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What To Do When Your Child Starts Throwing a Fit


What To Do When Your Child Starts Throwing a Fit

Written By: Brittany Lewis

One of the most frustrating and embarrassing parts of parenting is when one of your children throws a fit, especially in public.

Before I get into what to do when your child starts throwing a fit and how to handle that situation calmly, it’s essential to know the difference between tantrum cases and meltdowns.

A meltdown and a tantrum can look the same in many ways, but the cause is very different. A meltdown normally takes place because a child is overstimulated. – What is a Meltdown?

A tantrum occurs typically because a child wants something tangible, like a toy or a piece of candy, and can’t get their way. There is usually a consequence for a tantrum, like a time out, or being yelled at or even spanked.

There is typically no adverse consequence for a meltdown because a meltdown is not a child’s fault.

What To Do When Your Child Starts Throwing a Fit

Throwing a Fit
Photo by mohamed Abdelgaffar on Pexels.com

One of the most challenging parts of dealing with tantrums is that they so often happen in public, such as a grocery store or a shopping mall, because the child wants something they can’t have.

Often, these happen because the child has learned from past experiences that if they start screaming, crying, or asking for something excessively, the parent will give in to them out of frustration, and the child will get what they want.

However, as difficult as it is, my advice for dealing with this situation is the same whether you’re at home or in public, ignore it. That’s right; completely ignore your child’s behavior.

Don’t react to it. If you do, you’ll still be reinforcing the behavior, even if you respond negatively, and this only feeds to the child that if they do XYZ (scream, cry, hit, kick, throw themselves on the floor), you’ll react to them.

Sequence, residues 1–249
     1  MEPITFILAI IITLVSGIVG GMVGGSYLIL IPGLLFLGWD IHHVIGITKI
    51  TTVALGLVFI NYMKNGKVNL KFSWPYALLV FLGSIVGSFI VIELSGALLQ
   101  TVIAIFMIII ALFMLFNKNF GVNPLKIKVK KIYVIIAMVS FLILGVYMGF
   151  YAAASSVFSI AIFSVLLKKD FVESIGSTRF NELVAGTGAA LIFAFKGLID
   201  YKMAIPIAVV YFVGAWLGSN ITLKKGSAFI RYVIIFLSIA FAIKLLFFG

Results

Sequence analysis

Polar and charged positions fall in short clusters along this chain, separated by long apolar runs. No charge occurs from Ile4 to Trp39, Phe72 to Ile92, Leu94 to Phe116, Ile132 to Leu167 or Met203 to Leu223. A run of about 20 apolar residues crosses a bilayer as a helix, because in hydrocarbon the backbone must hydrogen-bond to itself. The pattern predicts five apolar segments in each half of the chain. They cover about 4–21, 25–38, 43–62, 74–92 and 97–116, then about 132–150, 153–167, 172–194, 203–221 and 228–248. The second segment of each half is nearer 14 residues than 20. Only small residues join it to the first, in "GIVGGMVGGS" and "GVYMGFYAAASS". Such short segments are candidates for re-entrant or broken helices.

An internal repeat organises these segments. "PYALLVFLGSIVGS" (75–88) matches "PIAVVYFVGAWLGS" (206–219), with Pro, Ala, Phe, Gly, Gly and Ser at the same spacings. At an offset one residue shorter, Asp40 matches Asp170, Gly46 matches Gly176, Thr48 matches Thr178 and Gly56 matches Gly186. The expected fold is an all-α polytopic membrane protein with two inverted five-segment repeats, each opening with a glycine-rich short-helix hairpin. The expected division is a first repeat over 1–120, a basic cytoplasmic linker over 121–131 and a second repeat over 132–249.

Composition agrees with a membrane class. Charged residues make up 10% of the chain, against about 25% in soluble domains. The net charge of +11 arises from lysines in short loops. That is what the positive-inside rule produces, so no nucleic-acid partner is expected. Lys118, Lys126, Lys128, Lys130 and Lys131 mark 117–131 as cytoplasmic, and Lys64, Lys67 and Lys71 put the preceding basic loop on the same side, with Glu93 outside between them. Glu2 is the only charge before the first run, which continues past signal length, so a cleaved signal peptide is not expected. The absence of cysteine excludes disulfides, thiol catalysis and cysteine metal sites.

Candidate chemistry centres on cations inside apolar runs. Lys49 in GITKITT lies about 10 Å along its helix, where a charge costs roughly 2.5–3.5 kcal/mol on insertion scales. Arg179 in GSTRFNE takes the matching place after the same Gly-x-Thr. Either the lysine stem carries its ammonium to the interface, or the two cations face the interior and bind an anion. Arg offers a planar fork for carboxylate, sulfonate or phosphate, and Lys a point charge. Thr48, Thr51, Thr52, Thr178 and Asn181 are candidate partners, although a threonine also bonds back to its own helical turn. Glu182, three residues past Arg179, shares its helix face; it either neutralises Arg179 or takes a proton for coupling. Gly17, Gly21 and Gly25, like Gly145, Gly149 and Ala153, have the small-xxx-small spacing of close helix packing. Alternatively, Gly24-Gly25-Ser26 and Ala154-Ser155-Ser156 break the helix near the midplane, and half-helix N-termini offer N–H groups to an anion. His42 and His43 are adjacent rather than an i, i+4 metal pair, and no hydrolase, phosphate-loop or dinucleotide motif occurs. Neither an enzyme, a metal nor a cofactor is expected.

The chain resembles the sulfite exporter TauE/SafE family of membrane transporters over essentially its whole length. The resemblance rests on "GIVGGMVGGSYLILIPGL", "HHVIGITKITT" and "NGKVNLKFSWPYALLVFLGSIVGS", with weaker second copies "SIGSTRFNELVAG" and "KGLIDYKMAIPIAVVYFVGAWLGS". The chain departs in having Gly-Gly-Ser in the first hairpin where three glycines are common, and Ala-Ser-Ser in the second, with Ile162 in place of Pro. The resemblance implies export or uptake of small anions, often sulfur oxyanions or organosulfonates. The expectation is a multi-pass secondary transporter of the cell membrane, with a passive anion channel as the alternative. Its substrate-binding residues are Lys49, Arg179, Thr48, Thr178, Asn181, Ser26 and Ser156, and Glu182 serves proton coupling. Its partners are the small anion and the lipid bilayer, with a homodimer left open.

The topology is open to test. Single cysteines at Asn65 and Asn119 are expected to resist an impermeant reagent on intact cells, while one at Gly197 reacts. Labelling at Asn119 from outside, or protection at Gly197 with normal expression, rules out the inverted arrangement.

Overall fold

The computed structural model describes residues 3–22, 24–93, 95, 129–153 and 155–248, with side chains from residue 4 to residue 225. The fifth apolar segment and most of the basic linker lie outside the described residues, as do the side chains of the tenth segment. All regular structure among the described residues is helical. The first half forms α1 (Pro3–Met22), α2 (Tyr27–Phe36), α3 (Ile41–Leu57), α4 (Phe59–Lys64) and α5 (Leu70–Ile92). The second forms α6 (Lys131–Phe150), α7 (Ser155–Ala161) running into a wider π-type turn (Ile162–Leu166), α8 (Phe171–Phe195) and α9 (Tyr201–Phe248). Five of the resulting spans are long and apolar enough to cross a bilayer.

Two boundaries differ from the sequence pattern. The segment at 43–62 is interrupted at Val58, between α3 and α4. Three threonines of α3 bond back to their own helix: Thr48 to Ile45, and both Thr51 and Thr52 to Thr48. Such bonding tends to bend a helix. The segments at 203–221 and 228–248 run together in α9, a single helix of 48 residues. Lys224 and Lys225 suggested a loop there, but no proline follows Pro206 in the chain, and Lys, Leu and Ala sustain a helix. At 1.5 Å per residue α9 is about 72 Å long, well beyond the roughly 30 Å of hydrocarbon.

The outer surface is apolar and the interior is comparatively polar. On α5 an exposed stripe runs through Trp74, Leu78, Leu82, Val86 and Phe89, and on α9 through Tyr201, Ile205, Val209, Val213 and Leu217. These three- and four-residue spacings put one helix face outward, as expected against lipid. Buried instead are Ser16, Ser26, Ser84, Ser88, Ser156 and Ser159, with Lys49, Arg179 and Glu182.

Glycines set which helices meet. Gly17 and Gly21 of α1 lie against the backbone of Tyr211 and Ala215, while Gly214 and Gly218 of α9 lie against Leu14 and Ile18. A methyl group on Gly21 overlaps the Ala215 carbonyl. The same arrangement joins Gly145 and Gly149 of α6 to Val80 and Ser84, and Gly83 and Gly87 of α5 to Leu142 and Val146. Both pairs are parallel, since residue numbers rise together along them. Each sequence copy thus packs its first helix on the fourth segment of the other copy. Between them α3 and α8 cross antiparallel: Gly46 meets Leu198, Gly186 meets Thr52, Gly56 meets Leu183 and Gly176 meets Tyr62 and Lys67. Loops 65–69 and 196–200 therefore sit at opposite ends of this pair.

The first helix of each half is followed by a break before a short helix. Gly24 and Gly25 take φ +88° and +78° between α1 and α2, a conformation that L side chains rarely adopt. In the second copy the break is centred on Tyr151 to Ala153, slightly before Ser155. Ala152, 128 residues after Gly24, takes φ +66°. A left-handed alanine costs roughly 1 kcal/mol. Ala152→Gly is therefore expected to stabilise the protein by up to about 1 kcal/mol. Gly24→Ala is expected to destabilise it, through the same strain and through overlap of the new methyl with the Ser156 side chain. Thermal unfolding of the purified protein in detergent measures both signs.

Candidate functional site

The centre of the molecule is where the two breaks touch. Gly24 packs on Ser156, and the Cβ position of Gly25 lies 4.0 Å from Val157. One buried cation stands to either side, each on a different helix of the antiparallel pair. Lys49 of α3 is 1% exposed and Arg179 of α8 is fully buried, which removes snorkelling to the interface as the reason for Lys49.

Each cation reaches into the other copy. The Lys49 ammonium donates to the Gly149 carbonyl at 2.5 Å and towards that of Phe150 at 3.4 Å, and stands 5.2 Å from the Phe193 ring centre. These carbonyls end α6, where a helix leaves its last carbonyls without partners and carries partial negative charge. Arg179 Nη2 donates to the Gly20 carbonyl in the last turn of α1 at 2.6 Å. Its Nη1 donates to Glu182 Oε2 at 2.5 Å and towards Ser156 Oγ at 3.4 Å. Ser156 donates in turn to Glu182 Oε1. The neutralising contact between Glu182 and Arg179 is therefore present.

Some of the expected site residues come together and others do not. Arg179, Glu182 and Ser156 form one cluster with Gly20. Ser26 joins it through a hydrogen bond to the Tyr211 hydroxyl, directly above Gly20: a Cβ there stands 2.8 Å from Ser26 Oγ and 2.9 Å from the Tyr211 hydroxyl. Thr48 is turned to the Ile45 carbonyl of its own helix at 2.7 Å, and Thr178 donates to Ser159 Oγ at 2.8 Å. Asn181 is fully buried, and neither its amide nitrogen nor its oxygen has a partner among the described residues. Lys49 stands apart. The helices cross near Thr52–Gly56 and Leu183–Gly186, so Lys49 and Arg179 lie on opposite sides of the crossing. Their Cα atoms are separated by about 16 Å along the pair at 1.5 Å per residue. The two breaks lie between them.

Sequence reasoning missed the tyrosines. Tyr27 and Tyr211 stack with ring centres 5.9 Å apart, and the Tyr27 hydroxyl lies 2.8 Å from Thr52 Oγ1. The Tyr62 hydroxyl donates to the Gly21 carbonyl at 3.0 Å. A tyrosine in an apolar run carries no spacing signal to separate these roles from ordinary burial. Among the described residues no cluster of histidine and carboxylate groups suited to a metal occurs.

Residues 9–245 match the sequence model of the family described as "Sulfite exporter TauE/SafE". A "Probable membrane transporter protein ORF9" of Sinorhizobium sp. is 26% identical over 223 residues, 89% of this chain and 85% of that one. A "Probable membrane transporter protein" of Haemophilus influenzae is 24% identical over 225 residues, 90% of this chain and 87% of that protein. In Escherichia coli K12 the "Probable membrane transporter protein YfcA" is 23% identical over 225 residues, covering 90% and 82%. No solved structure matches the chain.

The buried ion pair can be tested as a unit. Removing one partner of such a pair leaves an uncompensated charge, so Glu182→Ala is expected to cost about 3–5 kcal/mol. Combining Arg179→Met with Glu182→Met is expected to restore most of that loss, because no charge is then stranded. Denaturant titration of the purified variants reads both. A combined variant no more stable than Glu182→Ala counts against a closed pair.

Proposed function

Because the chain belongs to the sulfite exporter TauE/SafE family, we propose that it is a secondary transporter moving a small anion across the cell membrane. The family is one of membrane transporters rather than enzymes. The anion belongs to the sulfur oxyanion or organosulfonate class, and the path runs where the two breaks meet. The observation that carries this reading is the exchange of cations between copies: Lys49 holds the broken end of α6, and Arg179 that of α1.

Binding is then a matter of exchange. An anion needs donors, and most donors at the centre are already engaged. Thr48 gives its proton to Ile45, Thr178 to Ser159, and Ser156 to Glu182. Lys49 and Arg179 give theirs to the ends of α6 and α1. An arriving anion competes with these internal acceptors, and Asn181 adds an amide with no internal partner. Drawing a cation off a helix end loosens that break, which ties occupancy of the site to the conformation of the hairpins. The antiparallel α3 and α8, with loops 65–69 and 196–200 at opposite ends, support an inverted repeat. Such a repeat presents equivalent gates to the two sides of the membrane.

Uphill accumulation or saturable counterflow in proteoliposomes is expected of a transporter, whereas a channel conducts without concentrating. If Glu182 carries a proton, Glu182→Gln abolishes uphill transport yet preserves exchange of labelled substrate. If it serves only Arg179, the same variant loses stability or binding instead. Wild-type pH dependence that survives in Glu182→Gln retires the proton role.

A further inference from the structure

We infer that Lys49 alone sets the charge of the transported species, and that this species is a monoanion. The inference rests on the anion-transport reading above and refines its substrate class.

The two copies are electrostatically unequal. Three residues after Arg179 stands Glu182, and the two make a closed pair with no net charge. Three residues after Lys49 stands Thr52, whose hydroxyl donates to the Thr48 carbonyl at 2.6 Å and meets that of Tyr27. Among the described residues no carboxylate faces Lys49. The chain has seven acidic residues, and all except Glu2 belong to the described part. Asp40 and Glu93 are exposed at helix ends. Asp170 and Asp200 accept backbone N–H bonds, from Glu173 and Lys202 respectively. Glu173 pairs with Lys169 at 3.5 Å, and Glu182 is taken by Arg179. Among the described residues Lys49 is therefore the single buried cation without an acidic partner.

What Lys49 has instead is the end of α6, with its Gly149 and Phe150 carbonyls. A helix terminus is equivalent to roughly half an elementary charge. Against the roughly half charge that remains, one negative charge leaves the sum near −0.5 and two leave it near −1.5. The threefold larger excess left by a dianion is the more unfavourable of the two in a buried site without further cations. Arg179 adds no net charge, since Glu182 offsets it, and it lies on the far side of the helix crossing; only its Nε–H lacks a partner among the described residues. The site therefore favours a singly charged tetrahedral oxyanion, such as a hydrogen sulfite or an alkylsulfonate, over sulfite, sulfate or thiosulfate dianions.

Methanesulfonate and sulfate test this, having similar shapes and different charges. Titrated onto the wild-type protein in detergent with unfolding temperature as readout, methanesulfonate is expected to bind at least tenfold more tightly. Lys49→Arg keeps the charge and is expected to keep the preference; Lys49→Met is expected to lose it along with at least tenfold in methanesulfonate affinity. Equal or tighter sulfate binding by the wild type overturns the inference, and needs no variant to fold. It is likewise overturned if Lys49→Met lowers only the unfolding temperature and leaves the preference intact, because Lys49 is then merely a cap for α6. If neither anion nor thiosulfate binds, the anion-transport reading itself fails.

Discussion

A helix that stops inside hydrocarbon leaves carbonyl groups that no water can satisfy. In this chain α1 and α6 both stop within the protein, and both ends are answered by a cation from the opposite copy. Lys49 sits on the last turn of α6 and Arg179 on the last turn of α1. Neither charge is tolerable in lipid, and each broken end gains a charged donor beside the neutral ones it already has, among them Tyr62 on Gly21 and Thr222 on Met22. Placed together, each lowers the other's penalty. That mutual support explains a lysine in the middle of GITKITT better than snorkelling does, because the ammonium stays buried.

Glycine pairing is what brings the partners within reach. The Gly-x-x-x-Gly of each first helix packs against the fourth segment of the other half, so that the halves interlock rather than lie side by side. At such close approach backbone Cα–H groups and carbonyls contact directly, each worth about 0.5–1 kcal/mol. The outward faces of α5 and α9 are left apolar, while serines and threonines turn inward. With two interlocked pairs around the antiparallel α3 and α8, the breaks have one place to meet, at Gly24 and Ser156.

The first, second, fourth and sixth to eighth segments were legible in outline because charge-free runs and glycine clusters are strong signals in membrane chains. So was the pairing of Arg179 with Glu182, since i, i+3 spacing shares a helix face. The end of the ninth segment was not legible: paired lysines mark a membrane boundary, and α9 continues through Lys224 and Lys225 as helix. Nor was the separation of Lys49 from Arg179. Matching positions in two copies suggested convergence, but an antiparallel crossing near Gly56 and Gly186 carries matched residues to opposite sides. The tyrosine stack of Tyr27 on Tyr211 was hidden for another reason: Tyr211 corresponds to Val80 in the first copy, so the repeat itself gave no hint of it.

The best advice that I can give you is to wait this out. Move them if they need to be moved (like bringing them to the car or into a family bathroom) and wait this out until they calm down.

I recommend moving them somewhere private if you’re able to so they aren’t disrupting others around you. So they are taught that when we get too upset about something, it’s not only appropriate, but it’s also encouraged to give ourselves a “time out” until we calm down.

They will, eventually. If you do this, it will end this behavior entirely. Maybe not right away, but trust me, they will probably only throw a few more tantrums after this if you never react.

There won’t be a point. These are practices that I put into place with my children, and a personal time out is something we all practice in my family if we feel ourselves getting upset.

This isn’t meant to be something negative, but merely a time to be alone with your emotions so you can manage them effectively. Children need some guidance when it comes to managing their feelings.

My advice for dealing with a meltdown is different because that’s a very different situation. I’ll be going over how to handle a meltdown in another article.

I hope this has helped shed some light on the differences between a meltdown and a tantrum, why they occur, and how you can help decrease the negative behavior of tantrum cases in your child.

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